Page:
For many of us, one of the biggest challenges in our personal and professional lives is dealing with the people we’re pretty certain God put on the planet to bug us.
In fact, one of the biggest reasons we leave one network marketing to find another is because there is someone we must interact regularly with whom we simply can’t seem to get along.
We all have people who we feel so connected with it’s as if we’re telepathic. On the phone, we say the same thing at the same moment and laugh at our synchronicity. We seem to know exactly what the other is thinking and embrace every opportunity to work together, converse, or even just hang out. It’s so easy with them.
Yet we have those other people in our lives that test us (and our patience). Instead of great synchronicity, we feel as though they are the rocks to our windows. But isn’t it interesting that sometimes our biggest tests are people who matter most to us? Sometimes it’s our spouse, our partner, our son or daughter, or someone essential on our own team, and we know that if we can’t find a way to make it mesh, we can’t possibly win. Deep down inside we know that if they were ever really in trouble, we’d run through fire for them, but over time, because of different perspectives, we may have become abrasive. We’ve forgotten how powerful we are when we get back to being embracive.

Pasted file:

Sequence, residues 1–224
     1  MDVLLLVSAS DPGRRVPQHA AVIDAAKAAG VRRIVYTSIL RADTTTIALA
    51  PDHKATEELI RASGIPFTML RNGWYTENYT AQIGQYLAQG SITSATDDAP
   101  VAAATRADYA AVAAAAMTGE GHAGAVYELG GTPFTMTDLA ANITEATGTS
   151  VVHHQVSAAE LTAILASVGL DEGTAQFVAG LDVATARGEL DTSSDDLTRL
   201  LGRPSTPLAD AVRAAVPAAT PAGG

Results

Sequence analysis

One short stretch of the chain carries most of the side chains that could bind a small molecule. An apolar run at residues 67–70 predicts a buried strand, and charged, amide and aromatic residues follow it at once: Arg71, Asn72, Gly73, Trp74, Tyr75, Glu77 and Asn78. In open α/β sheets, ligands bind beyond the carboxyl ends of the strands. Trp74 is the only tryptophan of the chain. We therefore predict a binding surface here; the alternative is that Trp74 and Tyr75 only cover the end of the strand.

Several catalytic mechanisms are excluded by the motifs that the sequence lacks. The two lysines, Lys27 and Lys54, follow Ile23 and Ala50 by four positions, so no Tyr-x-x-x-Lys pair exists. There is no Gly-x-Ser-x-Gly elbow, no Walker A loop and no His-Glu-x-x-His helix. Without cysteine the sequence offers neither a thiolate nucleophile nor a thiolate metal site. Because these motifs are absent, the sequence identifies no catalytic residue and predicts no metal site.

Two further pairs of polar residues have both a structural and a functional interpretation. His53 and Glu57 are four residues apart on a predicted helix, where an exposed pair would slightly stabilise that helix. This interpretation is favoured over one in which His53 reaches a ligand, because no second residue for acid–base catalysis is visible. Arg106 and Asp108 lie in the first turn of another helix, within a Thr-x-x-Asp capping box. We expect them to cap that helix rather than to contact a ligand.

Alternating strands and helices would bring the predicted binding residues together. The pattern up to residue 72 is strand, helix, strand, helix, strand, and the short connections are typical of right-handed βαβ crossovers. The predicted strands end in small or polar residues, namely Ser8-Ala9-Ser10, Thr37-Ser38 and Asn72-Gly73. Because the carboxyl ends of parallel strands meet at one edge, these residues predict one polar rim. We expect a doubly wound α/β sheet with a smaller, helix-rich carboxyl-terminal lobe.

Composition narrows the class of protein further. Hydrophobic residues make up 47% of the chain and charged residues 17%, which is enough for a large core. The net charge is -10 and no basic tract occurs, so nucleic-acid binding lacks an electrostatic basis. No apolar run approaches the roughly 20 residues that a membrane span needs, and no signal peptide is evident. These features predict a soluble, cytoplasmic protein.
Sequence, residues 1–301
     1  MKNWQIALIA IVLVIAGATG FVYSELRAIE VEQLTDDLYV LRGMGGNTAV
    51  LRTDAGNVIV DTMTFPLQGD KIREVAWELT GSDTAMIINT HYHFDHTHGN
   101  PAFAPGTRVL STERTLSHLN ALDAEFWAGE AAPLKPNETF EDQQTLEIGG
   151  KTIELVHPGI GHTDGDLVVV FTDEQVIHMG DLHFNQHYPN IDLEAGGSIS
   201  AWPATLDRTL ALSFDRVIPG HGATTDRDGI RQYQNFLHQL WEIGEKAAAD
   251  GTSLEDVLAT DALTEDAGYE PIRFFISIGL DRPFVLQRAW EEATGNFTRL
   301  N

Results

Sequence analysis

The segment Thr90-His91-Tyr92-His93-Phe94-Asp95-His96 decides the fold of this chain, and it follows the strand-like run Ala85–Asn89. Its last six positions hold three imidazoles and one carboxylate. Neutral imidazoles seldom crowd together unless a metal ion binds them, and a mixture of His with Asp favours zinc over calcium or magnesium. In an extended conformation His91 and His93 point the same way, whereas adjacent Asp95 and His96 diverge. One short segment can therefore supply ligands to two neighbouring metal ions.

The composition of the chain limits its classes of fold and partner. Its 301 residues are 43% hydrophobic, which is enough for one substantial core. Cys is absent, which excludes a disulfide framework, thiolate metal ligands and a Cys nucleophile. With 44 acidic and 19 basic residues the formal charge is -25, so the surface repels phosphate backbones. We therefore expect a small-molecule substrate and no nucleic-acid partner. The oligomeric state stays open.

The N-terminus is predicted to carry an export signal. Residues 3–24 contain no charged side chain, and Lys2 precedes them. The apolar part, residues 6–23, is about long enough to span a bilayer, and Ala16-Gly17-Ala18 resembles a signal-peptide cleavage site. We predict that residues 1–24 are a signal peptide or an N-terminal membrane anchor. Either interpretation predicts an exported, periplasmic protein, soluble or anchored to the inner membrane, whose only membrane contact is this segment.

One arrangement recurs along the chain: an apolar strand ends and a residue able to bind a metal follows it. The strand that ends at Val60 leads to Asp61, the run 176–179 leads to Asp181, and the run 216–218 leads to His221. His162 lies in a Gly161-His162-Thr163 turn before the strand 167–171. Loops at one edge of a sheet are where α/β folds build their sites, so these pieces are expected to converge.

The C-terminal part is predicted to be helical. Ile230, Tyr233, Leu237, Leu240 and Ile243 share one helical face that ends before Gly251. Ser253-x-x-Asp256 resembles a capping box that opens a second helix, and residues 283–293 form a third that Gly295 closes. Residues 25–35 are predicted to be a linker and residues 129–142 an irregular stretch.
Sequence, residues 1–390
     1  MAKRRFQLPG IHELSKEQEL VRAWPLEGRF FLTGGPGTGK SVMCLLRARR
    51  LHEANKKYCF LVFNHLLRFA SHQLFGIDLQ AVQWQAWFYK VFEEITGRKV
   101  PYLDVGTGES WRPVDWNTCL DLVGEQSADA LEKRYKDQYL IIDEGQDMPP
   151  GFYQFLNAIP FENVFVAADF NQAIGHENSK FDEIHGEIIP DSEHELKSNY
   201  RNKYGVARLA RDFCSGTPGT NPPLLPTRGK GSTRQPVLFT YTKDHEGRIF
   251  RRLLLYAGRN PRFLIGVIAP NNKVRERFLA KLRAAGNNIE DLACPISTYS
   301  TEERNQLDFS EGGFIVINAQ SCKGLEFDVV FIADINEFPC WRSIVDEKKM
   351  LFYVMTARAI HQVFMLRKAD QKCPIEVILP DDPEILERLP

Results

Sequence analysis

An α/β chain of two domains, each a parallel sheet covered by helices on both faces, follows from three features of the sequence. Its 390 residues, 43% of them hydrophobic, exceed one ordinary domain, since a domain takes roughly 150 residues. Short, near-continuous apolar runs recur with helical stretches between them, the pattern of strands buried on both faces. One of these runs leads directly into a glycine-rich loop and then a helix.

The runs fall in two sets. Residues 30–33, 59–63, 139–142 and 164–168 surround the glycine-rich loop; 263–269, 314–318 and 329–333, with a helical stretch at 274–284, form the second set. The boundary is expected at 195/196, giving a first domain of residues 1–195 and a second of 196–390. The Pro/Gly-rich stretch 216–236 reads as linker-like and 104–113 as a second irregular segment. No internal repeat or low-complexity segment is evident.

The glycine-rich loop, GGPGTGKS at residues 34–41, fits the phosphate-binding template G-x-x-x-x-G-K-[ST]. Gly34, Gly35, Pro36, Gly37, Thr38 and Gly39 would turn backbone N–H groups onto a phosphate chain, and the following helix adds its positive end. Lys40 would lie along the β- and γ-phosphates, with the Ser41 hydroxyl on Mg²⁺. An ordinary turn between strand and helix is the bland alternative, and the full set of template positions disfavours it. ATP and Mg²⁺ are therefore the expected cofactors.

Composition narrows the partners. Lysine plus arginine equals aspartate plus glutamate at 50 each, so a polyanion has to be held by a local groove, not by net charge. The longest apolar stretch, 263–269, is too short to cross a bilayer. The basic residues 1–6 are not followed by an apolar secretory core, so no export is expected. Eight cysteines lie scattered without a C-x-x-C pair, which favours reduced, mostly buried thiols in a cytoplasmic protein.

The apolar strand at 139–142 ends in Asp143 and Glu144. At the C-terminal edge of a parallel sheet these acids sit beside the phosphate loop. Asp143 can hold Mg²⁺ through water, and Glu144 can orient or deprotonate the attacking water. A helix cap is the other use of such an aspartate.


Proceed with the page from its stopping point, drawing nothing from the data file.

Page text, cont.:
And finding that power starts with listening.
When I became the vice president of a large training company in San Diego, our head of customer service felt a great deal of resentment toward me because she had been intensely loyal to my predecessor and thought that I had somehow been the cause of his departure. Though this was not the case, her iciness toward me and my ineffectiveness in finding a way to ease the tension between us was affecting our whole team. Everyone seemed to tiptoe around the office as if it were a minefield, terrified an explosion might occur at any moment. We were falling behind on deadlines and not fulfilling our promises to our customers.
Finally, one day I asked her to come into my office. Once she sat down, I said, “You are so important to this team. But you and I both know our team is floundering. It’s because I haven’t been a good enough leader to find a way to break through with you. So, I’ve asked you here today to try something with me that I know will seem a bit odd. But I truly have a reason.
For ten minutes, if you will allow me, I will just listen to you. You are free to say whatever is on your mind, and I promise I won’t interrupt or defend. I’ll just listen. After your ten minutes, I’ll ask if you would just listen to me for ten.”
I’ll never forget her response. Looking quite skeptical, she said, “I don’t think I can talk for ten minutes.”
I simply asked, “Would you try?”
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